Monday, May 27, 2013



One of my how-to writing books asks: Should I use a prologue in my novel? The author responds with an emphatic Don't!

Prologues often occur at a time before the main action. They explain some history important to the novel. They might take the form of a letter, a will, a newspaper article. Sometimes they are told as narrative, sometimes as a scene.  Prologues can also be a scene or bit of dramatic action that occurs later in the story. These prologues are like teasers. They make you want to read the book to get to that part. Occasionally a prologue is set after the conclusion of the novel, and then the entire novel is a flashback.

Why don't they always work? 

Most readers quickly forget what was in the prologue.

Or they skip it altogether. They want to get into the "real" story.

For a prologue to be successful, it must have at least a promise of conflict. It must be memorable. And short. And it cannot be critical that the reader remember everything that was in it. Because he probably won't.

A prologue packed with tension does not mean that chapter one can be slow and dull. When you write a prologue, you are really writing two opening scenes to your novel and each one must hook the reader with conflict.

My daughter devours long dense highly detailed fantasy novels. They almost always have prologues. Curious, I surveyed the shelves of children's books in my study. Among dozens of books, I found very few prologues. Four to be exact.

One of my favourite series for kids is the Charlie Bone fantasy series by Jenny Nimo. Each book starts with a prologue, explaining the backstory of the Red King. The prologues are written as narrative, some quite complicated,  and I skip them all. In my opinion, it would have been much better to weave that information into the stories, which are charming and fast paced.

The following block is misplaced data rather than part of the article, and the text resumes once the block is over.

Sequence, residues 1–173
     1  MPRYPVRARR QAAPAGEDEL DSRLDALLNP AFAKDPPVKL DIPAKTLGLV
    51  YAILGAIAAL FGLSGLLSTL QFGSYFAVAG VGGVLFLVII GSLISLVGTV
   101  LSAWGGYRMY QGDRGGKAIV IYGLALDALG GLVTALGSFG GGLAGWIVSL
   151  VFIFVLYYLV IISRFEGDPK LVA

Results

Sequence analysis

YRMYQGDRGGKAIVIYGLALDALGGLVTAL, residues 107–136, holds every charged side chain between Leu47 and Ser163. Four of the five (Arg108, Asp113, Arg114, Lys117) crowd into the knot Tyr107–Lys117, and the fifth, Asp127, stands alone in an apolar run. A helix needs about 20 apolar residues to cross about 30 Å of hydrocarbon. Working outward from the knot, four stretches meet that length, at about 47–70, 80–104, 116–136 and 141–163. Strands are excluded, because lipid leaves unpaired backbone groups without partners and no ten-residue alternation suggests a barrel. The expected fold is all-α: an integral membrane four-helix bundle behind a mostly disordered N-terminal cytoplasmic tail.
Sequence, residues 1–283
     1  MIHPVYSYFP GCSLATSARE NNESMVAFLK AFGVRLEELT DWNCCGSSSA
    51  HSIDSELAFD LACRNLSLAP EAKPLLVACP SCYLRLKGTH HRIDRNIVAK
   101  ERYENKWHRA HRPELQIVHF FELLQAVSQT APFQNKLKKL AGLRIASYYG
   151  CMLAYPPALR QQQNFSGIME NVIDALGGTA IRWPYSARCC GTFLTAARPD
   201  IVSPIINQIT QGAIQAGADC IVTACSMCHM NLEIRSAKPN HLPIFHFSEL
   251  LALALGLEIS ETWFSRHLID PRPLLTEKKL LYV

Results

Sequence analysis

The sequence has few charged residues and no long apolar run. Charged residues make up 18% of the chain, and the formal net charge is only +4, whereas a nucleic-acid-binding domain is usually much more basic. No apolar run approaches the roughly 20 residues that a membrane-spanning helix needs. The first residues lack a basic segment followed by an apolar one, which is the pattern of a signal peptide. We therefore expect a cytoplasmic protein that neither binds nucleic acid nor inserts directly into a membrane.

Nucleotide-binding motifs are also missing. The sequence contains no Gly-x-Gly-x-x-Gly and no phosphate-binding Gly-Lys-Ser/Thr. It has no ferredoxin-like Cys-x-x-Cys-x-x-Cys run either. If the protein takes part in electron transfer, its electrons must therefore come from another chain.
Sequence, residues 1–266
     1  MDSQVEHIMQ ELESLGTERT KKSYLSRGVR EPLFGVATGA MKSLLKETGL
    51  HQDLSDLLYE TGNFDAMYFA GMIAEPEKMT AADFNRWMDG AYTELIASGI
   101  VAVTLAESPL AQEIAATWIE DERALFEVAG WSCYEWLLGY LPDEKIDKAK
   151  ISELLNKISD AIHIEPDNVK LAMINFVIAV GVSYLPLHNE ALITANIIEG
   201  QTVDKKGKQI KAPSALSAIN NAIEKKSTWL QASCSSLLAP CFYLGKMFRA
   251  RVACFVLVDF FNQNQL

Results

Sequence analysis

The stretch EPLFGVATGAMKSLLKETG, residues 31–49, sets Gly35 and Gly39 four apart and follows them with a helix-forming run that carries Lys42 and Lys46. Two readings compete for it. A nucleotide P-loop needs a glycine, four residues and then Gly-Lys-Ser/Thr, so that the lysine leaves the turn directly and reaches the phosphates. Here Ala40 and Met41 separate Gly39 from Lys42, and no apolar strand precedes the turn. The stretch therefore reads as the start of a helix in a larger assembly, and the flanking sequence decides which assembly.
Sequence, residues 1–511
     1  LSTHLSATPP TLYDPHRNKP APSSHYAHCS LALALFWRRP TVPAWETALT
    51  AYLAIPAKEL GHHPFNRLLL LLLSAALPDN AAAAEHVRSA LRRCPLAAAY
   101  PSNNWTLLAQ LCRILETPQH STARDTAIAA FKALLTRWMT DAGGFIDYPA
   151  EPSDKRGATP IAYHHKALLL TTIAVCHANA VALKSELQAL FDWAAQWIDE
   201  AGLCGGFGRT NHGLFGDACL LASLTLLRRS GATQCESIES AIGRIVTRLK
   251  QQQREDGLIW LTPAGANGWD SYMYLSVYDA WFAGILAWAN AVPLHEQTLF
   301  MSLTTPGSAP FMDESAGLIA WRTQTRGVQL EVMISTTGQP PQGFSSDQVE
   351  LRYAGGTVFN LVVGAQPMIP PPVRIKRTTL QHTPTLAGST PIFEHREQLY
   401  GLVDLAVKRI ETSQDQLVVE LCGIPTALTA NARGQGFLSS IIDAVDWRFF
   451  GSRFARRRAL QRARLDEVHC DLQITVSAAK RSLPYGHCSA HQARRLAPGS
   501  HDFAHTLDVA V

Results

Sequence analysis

A Hare in the Elephant's Trunk (Jan. L. Coates) and Greener Grass (Caroline Pignat) both contain prologues that take place later than the beginning of the novel. In A Hare in the Elephant's Trunk, the prologue is a scene when Jacob, a Sudanese boy, is in a refuge camp in Kenya in 1992; chapter one begins in 1987. In the prologue in Greener Grass, Kit Byrne remembers a happier time before the Great Famine in Ireland. Both these prologues are beautifully written and both fulfill that promise of conflict.

The prologue in Maggie de Vries' novel, Hunger Journeys, is a short scene, plucked out of the middle of the novel, when Lena and Sofie are hiding from the German soldiers. It's dramatic and makes you want to read the book.

So prologues do work but they must be done skilfully.

Some advice from James Smith in The Writer's Little Helper . . .

Perhaps the most common amateur problem in writing fiction is the tendency to rely too much on setup. Which is what a prologue most often is. Get on with the story.


No Ordinary Day by Deborah Ellis

Deborah Ellis is best known for her Breadwinner Trilogy which takes place in Afghanistan and Pakistan.  No Ordinary Day is the moving story of Valli, an Indian orphan who discovers she has leprosy. A bonus - royalties from the sales of the book will be donated to The Leprosy Mission.


What if . . .  you witnessed a crime? What did you see? Are you in danger? What will you do?



Monday, May 20, 2013


 I know that librarians and teachers are buying my books. But sometimes, in this age of computer games and Facebook, I find myself asking . . .                

Do kids actually read my books? Do kids read any books?               

 Yes, they do!

Over the past month I have met hundreds and hundreds of amazing kids who love to read and who love to talk about what they are reading. I  visited schools and libraries in my local town of 100 Mile House, on Vancouver Island, in Saskatchewan and in Ontario. Everywhere the students welcomed me with overwhelming enthusiasm, eager to listen to my stories and to tell me theirs.

Some of the many highlights . . .

*A trip on a whale watching boat to Alert Bay where the welcome was warm and the kids fantastic.